U.S. News & World Report has released its annual list of the best health care jobs for 2019, with physician assistants topping the list, supplanting dentists, which topped the list last year.
For the list, U.S. News took into account each job's:
According to U.S. News, the 10 best jobs in health care for 2019 are:
1. Physician assistant;
3. Nurse anesthetist (tie);
3. Orthodontist (tie);
5. Nurse practitioner;
7. OB-GYN (tie);
7. Oral and maxillofacial surgeon (tie);
7. Physician (tie); and
7. Prosthodontist (tie).
Health care jobs also accounted for six of the top 10 jobs included on U.S. News' list of the top 100 best jobs in America for 2019, which covers jobs in all sectors. The health care jobs that made the top 10 of the broader list included:
Health care jobs also comprised the entire top 10 on U.S. News' list of the best-paying jobs for 2019, with:
According to Rebecca Koenig, a careers reporter at U.S. News, "Health care occupations continue to dominate the U.S. News 2019 Best Jobs rankings, with demand in the field highest for workers to fill roles such as nurse practitioner, physician assistant, and physical therapist." She said, "That's good news for students and career changers, because it takes less school time and tuition money to prepare for those positions than it does to become a physician or surgeon" (U.S. News Best Health Care Jobs list, accessed 1/8; U.S. News 100 Best Jobs list, accessed 1/8; U.S. News Best Paying Jobs list, accessed 1/8; U.S. News press release, 1/8).
Kate Vonderhaar, Practice Manager, HR Advancement Center
Some of the factors that US News assesses when determining their 'Best Health Care Jobs' may be out of hospital and health system leaders' hands. Certainly, market factors such as the profession's employment rate, growth volume, and job prospects are too macro to impact. But individual leaders can positively impact two aspects of US News' methodology—stress level and work-life balance—for the people on their team.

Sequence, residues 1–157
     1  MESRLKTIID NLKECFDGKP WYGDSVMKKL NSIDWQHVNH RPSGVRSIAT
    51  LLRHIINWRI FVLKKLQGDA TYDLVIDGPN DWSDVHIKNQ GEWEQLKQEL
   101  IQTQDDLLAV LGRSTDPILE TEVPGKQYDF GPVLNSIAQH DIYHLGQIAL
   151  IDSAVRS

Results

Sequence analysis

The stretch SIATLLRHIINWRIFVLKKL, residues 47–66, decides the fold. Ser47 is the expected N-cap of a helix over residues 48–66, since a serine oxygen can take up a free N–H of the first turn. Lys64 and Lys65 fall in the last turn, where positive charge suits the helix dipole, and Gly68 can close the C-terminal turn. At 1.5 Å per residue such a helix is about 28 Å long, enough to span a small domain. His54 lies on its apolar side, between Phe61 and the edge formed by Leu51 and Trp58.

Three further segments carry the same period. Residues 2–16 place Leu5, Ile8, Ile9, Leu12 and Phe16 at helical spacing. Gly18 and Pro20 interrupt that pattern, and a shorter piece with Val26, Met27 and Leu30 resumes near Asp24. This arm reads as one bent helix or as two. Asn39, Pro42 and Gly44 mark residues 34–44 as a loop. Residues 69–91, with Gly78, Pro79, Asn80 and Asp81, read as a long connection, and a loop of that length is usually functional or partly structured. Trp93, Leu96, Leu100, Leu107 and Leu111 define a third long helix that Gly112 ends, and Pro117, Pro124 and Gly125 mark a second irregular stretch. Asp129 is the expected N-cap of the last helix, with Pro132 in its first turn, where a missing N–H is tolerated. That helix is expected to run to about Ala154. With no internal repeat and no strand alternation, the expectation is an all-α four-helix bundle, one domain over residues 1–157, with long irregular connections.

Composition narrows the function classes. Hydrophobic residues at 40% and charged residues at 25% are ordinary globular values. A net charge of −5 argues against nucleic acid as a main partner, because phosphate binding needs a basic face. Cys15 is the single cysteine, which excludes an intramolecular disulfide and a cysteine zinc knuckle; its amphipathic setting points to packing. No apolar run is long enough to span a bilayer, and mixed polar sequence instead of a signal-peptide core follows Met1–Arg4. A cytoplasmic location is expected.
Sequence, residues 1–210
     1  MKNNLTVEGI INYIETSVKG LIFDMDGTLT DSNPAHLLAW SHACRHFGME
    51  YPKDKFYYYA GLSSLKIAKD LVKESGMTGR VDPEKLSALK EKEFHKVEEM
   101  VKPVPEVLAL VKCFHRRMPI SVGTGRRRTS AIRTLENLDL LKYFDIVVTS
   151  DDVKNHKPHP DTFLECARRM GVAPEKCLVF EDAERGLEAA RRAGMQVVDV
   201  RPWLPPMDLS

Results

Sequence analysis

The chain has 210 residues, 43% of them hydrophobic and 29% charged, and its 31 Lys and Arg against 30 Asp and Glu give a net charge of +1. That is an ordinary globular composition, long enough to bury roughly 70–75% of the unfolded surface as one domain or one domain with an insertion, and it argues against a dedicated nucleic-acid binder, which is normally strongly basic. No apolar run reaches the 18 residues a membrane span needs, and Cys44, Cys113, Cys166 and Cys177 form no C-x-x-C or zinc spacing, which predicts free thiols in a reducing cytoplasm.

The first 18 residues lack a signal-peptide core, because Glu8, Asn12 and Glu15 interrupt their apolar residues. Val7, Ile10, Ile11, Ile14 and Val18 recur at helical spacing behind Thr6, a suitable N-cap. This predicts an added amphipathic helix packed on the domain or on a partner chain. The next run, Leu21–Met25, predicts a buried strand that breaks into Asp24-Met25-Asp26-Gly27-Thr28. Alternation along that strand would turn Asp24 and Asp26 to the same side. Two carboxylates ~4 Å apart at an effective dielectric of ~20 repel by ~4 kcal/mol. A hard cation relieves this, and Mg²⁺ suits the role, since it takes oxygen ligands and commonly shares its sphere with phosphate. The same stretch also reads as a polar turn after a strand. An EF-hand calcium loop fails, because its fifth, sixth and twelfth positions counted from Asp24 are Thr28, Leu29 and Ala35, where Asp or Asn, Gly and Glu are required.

What can you as a leader do to move the lever on these crucial components? Here are a few tips we've learned from speaking with health care leaders around the country.
Every leader has stressful days. It’s important to recognize your own response to stress so you can avoid inadvertently passing along stress to your team. Our research has found four common—but unproductive—reactions to stress. Knowing what type of reaction you tend towards can help you identify a healthier response. You can take the assessment on page 82 here.
2. Spread out changes when you can
How many system-, facility-, department-, and team-level initiatives is your team trying to move forward this month? Your answer is likely: a lot. It’s no surprise many health care staff are suffering from change fatigue. One thing you can do to help is plot out the planned initiatives your team will be tackling across the year—and see if there are any tweaks you can make to the schedule to cut down on unnecessary overlap between changes. Use our Excel-based Change Calendar (in the tools under "Stress and Burnout") to help.
3. Take a regular team break from email
Emails coming in around-the-clock can make team members feel like they don’t have permission to unplug. To help your team combat the perceived pressure to continually respond to work emails, you can support a regular email break, defining times during which you and your team agree not to send or respond to email (for example, no emails after 7pm if your team works day shifts). If leaders themselves observe this blackout and model its use, it can go a long way in changing cultural norms.
Another crucial part of a great job? A well-run and effective performance review. Join us on January 15th to learn more about how to evaluate your staff accurately and fairly, and then on January 29th to learn why it's so important to provide feedback to staff year-round (and not just during reviews).
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